Something that the COVID-19 pandemic has highlighted is that no matter how healthy you are and how cautious you approach a situation, you never know when a health-related emergency with pop up. When that time comes, can you be sure that your best wishes are being followed? By creating a medical power of attorney, is possible to assign a legal agent to carry out your medical wishes, even if you aren’t able to express them yourself!

What Is a Power of Attorney?

A power of attorney (POA) is a legal document that gives one person (the agent or attorney-in-fact) the power to act for another person (the principal).1 From there, the agent is then given legal authority to make decisions on the behalf of the principal. A standard POA ends if the principal is rendered physically or mentally incapable of making decisions, but it is possible to establish what is called a durable power of attorney (or DPOA), which stays in effect even under such circumstances.2 There are several different types of POA documents, each of which provides authority under specific areas of interest. The most common POAs focus on legal or financial matters, such as when the principal is unable to sign important legal documents or complete financial transactions.3 However, another popular form of POA is a medical POA, which (as the name suggests) is centered around health and medical care.

What is a Medical Power of Attorney?

A medical power of attorney (sometimes called a healthcare proxy) is a legal document that appoints someone to make healthcare decisions for you if you are rendered incapable of making them for yourself. Your agent will make health care decisions on your behalf based on the instructions that you have provided in the document. It can include provisions for a wide range of medical actions, including personal care management, hiring a personal care assistant, deciding on medical treatment, and making decisions on medical treatments overall.4 Since it often covers scenarios where you are physically or mentally incapable of making decisions for yourself, a medical POA is usually also considered a DPOA.

A medical POA focuses only on health-related decisions and will be written according to the exact specifications of the principal. For this reason, a medical POA can vary greatly in terms of length and specificity, depending on what the principal wants to cover. Though generally any competent adult can be your agent for a medical POA, there are certain exceptions. In certain states, your physician, health care provider, residential health care provider (a nursing home, etc.) cannot serve as an agent, nor can their employees unless they are a relative of yours.5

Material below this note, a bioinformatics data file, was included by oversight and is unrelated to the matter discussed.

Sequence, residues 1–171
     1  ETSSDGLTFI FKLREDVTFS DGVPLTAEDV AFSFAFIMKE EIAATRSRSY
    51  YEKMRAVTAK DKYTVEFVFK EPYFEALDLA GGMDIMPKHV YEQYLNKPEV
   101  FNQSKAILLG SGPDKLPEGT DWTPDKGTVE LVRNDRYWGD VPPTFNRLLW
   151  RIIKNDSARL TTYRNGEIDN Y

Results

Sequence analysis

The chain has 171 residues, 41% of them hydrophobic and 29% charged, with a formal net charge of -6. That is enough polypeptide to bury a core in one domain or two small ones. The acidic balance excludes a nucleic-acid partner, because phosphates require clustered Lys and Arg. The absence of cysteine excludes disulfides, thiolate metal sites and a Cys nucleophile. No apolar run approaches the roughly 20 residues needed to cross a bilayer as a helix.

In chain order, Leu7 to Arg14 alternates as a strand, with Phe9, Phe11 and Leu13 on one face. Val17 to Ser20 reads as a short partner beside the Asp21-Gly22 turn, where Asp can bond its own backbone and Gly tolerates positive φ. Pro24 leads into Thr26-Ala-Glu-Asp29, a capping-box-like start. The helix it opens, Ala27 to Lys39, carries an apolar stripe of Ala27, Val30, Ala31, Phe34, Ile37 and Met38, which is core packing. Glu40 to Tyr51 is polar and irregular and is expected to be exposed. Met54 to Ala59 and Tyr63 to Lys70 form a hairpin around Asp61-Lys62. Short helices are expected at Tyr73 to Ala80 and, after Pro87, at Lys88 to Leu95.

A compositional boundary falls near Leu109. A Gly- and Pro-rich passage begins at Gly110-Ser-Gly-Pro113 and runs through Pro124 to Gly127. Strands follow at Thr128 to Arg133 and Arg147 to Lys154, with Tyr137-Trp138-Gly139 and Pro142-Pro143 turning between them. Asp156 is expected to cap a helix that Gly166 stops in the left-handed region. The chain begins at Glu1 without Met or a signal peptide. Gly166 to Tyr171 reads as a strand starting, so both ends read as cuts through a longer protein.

What is a Living Will?

Along with a medical POA, you can also fill out another legal document called a living will, which lays out treatment directives that both healthcare providers and caregivers are expected to follow, including what types of medical procedures or post-care routines that principal does or does not consent to.6 It typically focuses more on end-of-medical medical treatment, along with some medical matters that occur after death, such as organ and tissue donation. Unlike a medical POA, a living will only go into effect if the principal is rendered unable to speak for themselves. 

While you can choose to have just a living will or just a medical POA, it is suggested that generally a good idea to have both. Doing so will ensure that you have someone assigned to make well-considered decisions for you while also guaranteeing that they follow your exact instructions on certain matters. Along with a living will and a medical POA, you should also consider some other stand-alone medical planning documents, such as a DNR (Not Resuscitate Order) Order and a DNI (Do Not Intubate) Order.7

The Security of a Medical Power of Attorney

It doesn’t matter how prepared you are for the future if you don’t share those plans with others and give people the ability to act on them. By choosing someone that you trust to serve as your agent for a medical power of attorney, you ensure that all of your medical wishes are followed, no matter the situation. It eliminates much of the uncertainty involved in what can be a very scary situation, helping to put one’s mind at ease in the process.


1.  Kagan, J. (2021, May 19). Power of Attorney: Allowing One Person to Act on Behalf of Another. Investopedia.

2.  5.  Irving, S. (2020, August 11). The Durable Power of Attorney: Health Care and Finances. NOLO.

3.  Kagan, J.

4.  Rubin, H. (2021, April 30). Financial vs. medical power of Attorney: What’s the difference? Investopedia.

5.  Hannibal, B. S. (2019, October 9). State restrictions on health care agents. NOLO.

6.  U.S. Department of Health and Human Services. (n.d.). Advance Care Planning: Health Care Directives. National Institute on Aging.

7.  U.S. Department of Health and Human Services. (n.d.). Advance Care Planning: Health Care Directives. National Institute on Aging.

About the author

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Founder/Attorney, CCSK Law
I create customized solutions for families to address their planning needs.
I provide plans clients understand. Also, they make sure they know when to use them, and do so affordably. I love the opportunity to break through the legal jargon to clarify issues. We find success when we work through a person’s situation and put the law to work for them.

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